Metabolic Syndrome: What You Need To Know

Metabolic Syndrome

Metabolic syndrome is defined by a group of metabolic abnormalities, including hypertension, central obesity, insulin resistance, and high cholesterol. The disease is strongly associated with increased diabetes and heart disease risk. 

Risk Factors

When you have at least three of the following risk factors, it’s considered Metabolic Syndrome.

  • Having a large waistline- also called abdominal obesity. Having a lot of fat around the stomach area puts you at a greater risk for heart disease than having too much fat in other parts of your body.
  • Having a high triglyceride level. Triglycerides are a type of fat found in the blood.
  • Having a low HDL cholesterol level or a high LDL cholesterol level. These two types of cholesterol work together to balance the fat levels in blood. HDL is considered “good” cholesterol (think olive oil or fats found in fish), and it helps to remove LDL from blood which is considered “bad” cholesterol. Having high LDL and low HDL increases your risk for heart disease and stroke. 
  • Having high blood pressure. If your blood pressure stays high over time, it can damage your heart and lead to other health problems.
  • Having high blood sugar. Having a mildly high fasting blood glucose level may be an early sign of diabetes. 

What can cause metabolic syndrome?

Metabolic syndrome is caused by a combination of inherited traits and lifestyle choices. Typically, those who develop this disease are overweight, have a sedentary lifestyle, and eat an unhealthy diet. People who fall into this category may not feel any different but first would notice developing a larger waistline- this is the most significant indicator of the disease.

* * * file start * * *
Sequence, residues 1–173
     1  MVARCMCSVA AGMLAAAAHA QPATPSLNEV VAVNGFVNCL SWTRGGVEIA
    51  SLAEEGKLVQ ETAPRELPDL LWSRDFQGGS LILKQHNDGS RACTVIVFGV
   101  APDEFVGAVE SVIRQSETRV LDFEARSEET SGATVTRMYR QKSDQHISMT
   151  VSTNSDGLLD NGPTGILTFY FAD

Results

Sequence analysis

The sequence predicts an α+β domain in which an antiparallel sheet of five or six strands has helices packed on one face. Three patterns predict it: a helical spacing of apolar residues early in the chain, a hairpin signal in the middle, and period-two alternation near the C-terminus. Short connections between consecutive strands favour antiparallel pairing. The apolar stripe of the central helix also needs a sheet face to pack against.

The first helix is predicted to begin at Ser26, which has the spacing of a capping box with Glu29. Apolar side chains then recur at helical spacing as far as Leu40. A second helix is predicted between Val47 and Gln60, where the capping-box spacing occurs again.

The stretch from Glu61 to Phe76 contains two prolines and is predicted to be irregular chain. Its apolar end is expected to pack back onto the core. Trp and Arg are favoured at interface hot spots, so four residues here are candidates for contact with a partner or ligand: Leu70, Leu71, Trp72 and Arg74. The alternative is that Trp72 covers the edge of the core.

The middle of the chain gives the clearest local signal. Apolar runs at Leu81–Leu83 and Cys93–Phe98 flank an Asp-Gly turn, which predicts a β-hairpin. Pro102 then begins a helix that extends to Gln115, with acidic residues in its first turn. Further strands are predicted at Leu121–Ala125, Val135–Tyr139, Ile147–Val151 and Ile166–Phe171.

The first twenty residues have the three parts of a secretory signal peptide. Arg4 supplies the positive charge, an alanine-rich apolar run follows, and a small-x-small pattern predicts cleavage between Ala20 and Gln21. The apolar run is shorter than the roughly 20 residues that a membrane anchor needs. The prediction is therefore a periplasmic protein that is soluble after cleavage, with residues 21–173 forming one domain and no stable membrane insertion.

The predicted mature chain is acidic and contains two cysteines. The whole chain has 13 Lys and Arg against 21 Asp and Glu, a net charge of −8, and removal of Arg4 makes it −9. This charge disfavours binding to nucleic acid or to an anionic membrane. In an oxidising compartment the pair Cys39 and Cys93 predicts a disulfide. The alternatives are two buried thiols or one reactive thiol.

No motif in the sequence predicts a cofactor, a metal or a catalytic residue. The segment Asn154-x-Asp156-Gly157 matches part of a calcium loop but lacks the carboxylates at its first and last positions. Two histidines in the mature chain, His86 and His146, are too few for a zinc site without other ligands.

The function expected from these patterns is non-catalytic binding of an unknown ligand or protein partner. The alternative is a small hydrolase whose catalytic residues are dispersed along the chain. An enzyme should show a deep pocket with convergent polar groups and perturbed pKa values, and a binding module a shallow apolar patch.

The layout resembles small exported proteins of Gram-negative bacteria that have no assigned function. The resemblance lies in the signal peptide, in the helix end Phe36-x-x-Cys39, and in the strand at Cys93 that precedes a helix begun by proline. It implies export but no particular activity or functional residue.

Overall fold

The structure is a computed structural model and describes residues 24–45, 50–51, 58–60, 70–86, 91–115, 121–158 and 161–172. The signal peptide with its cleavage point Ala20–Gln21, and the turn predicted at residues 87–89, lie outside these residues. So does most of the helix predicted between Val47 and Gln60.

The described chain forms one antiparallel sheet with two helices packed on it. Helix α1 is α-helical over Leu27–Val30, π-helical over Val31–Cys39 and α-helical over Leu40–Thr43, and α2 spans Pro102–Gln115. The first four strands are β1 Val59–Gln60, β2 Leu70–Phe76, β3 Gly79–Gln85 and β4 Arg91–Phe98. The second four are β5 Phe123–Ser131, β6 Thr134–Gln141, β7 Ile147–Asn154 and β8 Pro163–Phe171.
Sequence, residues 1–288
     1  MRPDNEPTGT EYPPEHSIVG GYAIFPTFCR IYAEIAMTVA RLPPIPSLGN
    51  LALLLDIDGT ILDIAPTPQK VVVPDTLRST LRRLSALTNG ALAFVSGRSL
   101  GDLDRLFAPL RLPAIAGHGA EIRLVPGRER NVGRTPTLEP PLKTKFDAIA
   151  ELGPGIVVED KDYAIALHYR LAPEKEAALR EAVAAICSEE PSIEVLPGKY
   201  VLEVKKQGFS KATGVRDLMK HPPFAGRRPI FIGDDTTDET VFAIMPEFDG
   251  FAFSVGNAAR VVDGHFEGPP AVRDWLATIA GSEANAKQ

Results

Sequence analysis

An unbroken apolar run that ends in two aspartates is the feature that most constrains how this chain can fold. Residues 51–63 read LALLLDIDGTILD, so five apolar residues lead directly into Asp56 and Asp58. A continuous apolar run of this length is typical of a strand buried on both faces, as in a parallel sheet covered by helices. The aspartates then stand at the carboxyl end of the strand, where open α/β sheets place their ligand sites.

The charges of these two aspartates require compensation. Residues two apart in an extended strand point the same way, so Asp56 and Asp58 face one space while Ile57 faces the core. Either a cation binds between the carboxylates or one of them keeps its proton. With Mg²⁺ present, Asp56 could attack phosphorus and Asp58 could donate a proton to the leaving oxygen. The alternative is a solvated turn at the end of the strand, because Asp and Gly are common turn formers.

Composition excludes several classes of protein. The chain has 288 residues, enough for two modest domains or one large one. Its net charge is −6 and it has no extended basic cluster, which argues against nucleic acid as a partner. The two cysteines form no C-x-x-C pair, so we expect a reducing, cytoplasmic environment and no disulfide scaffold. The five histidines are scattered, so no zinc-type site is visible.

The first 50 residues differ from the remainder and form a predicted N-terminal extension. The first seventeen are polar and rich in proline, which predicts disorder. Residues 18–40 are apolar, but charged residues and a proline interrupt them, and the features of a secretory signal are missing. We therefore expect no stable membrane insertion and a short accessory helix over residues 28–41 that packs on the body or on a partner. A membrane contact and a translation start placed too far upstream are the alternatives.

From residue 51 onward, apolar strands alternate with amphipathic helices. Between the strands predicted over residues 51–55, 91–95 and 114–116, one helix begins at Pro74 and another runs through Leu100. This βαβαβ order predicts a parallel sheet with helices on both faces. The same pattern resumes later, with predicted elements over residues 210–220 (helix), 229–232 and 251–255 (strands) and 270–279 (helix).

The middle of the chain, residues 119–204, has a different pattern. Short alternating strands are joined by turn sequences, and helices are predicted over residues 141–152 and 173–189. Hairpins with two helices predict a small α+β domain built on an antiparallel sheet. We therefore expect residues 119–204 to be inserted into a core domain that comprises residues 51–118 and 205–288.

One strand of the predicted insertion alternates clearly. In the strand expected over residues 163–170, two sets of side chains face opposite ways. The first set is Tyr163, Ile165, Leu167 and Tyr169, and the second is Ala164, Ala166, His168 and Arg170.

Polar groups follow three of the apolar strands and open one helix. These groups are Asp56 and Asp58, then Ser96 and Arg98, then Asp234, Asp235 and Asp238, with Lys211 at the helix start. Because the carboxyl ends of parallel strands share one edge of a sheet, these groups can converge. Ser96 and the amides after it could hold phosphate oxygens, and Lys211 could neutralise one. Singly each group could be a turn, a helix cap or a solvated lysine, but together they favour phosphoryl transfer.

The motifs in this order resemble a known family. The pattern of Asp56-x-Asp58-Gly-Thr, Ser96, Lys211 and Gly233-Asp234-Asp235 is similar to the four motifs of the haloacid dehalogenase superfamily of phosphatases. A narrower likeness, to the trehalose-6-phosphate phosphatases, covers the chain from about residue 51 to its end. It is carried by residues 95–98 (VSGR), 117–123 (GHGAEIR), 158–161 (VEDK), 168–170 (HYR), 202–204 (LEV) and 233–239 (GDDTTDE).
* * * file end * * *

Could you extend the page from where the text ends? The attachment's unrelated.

You may be at greater risk for developing metabolic syndrome in life if you have any family members who are obese or have diabetes or heart disease. Certain genetic factors do come into play, but you can reduce your risk by the choices you make each day. 

Can you cure Metabolic Syndrome?

Yes! Metabolic Syndrome can be reversed. Having metabolic syndrome can lead to diabetes or heart disease, but if diagnosed early you can make certain lifestyle choices to reverse the disorder and reduce your chances of developing a chronic disease. 

Singapore’s Ministry of Health recommends getting at least 150 minutes of exercise per week, or roughly twenty minutes daily. That may seem like a lot, but luckily, you don’t need a gym membership and you can get this exercise by changing only a few things to your daily routine. For instance, rather than taking the MRT, try walking or riding a bike around the city; take the stairs instead of the elevator. The best thing you can do though is to find a physical activity or hobby you enjoy. Studies show that you are much more likely to maintain a routine if you enjoy what you’re doing. 

When it comes to your diet, keep it simple. Michael Pollan, a food writer, and journalist says he can sum up all he’s learned about food into 7 simple words, “eat food, not too much, mostly plants.” If you eat a lot of meat, you don’t have to become a vegetarian. Simply try new plant-based foods and eat what you find tasty.

How do I make these changes?

Fat exercise

If you are trying to make healthy changes, set small attainable goals for yourself. If you’ve ever tried to start a diet or start exercising, but you tend to fall back into previous habits, most probably you’re not setting small enough goals. Make a small change each week. When it comes to getting physical activity, aim for five minutes a day and work your way up to the recommended twenty. The most important thing is to establish a routine that is sustainable. Eventually, you’ll get to the point where you’re not “dieting” but just eating; you’re not “exercising” but living your life. 

Still concerned about managing chronic conditions? Speak to a GP or specialist on our panel today

Check out or genetic test kits if you want to assess your likelihood of having metabolic disease 


Christopher Meyer
RN-BSN | + posts


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